Interim measures of protection in aid of foreign-seated arbitrations: Judicial Misadventures and Legal Uncertainty

- Muskan Agarwal and Amitanshu Saxena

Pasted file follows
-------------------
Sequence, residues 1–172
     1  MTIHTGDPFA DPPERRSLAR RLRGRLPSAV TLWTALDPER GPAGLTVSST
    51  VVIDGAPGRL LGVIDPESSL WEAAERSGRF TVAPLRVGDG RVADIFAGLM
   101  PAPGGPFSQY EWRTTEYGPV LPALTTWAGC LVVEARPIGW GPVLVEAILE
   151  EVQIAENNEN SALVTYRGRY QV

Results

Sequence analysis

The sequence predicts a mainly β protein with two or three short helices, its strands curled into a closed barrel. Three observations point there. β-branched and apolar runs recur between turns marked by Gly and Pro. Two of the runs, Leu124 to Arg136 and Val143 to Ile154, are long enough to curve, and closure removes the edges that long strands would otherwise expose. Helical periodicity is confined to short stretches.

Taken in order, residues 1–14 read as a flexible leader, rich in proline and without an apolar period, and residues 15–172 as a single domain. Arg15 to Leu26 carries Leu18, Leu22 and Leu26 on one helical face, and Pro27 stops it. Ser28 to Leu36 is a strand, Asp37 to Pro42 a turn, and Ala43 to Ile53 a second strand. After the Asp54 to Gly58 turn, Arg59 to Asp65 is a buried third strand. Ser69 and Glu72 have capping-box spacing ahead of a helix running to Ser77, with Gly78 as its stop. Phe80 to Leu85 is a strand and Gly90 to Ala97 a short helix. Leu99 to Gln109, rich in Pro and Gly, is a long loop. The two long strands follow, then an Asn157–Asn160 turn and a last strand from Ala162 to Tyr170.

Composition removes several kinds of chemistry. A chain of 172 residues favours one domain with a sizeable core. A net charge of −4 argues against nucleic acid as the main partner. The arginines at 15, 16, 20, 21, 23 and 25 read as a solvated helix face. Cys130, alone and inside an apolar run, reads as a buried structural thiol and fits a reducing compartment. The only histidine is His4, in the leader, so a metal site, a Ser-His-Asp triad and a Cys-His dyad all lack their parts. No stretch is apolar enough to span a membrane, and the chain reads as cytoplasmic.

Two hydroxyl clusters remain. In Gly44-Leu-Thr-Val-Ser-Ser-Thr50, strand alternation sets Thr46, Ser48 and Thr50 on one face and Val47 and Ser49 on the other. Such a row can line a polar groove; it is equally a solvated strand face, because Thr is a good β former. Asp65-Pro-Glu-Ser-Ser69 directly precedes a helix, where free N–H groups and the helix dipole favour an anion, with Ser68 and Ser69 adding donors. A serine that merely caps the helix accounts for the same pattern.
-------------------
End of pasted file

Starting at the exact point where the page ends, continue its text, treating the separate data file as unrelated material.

Interim measures of protection are important in an arbitral procedure to preserve the rights of the parties to a dispute. These become of particular relevance when the parties seek them in a country that is beyond the place of arbitration. The Arbitration & Conciliation Act, 1996, by virtue of proviso to Section 2(2), empowers parties to a foreign seated arbitration to seek interim reliefs from Indian Courts. However, the law provides that parties can contract out of such provision. To determine parties’ intention, when there is no express clause or an agreement to that effect, a principle of implied exclusion is used, which usually works to the disadvantage of parties to foreign-seated arbitration. The authors undertake an examination of Indian case laws to show that the judicial task of deciphering such implied intent through an arbitration clause, particularly in cases relating to interim relief, is anchored in a mistaken understanding of the objective of the Arbitration & Conciliation Act. Legal practice concerning the grant of interim reliefs in foreign arbitrations in common law jurisdictions of England and Singapore is also examined. Further, the authors deal with the underlying issues regarding enforcement of emergency arbitrators’ orders in India and then conclude with suggestions.